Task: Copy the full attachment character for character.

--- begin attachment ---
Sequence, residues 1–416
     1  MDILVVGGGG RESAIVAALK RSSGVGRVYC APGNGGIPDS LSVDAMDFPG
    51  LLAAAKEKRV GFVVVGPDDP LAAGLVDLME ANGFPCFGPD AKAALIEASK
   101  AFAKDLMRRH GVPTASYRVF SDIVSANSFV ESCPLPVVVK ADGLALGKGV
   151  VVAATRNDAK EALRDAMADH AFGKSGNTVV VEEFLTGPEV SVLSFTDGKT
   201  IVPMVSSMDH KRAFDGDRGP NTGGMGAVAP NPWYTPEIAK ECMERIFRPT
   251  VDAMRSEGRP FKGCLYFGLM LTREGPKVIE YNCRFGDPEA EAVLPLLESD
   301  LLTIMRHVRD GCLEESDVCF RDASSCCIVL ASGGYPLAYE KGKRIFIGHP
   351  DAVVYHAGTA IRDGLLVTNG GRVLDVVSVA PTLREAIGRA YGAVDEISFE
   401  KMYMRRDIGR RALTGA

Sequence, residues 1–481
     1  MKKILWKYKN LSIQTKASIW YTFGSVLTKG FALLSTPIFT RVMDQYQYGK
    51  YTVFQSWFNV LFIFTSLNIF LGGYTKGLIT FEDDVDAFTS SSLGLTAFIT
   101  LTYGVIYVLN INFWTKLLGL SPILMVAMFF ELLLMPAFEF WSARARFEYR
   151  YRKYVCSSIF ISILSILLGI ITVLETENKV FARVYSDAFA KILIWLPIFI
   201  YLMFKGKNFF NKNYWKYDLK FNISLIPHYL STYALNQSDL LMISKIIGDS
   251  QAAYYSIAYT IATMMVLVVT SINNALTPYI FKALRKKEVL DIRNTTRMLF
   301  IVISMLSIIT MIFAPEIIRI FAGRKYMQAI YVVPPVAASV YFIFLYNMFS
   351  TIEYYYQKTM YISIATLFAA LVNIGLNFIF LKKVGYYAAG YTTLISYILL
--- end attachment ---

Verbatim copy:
Sequence, residues 1–416
     1  MDILVVGGGG RESAIVAALK RSSGVGRVYC APGNGGIPDS LSVDAMDFPG
    51  LLAAAKEKRV GFVVVGPDDP LAAGLVDLME ANGFPCFGPD AKAALIEASK
   101  AFAKDLMRRH GVPTASYRVF SDIVSANSFV ESCPLPVVVK ADGLALGKGV
   151  VVAATRNDAK EALRDAMADH AFGKSGNTVV VEEFLTGPEV SVLSFTDGKT
   201  IVPMVSSMDH KRAFDGDRGP NTGGMGAVAP NPWYTPEIAK ECMERIFRPT
   251  VDAMRSEGRP FKGCLYFGLM LTREGPKVIE YNCRFGDPEA EAVLPLLESD
   301  LLTIMRHVRD GCLEESDVCF RDASSCCIVL ASGGYPLAYE KGKRIFIGHP
   351  DAVVYHAGTA IRDGLLVTNG GRVLDVVSVA PTLREAIGRA YGAVDEISFE
   401  KMYMRRDIGR RALTGA

Sequence, residues 1–481
     1  MKKILWKYKN LSIQTKASIW YTFGSVLTKG FALLSTPIFT RVMDQYQYGK
    51  YTVFQSWFNV LFIFTSLNIF LGGYTKGLIT FEDDVDAFTS SSLGLTAFIT
   101  LTYGVIYVLN INFWTKLLGL SPILMVAMFF ELLLMPAFEF WSARARFEYR
   151  YRKYVCSSIF ISILSILLGI ITVLETENKV FARVYSDAFA KILIWLPIFI
   201  YLMFKGKNFF NKNYWKYDLK FNISLIPHYL STYALNQSDL LMISKIIGDS
   251  QAAYYSIAYT IATMMVLVVT SINNALTPYI FKALRKKEVL DIRNTTRMLF
   301  IVISMLSIIT MIFAPEIIRI FAGRKYMQAI YVVPPVAASV YFIFLYNMFS
   351  TIEYYYQKTM YISIATLFAA LVNIGLNFIF LKKVGYYAAG YTTLISYILL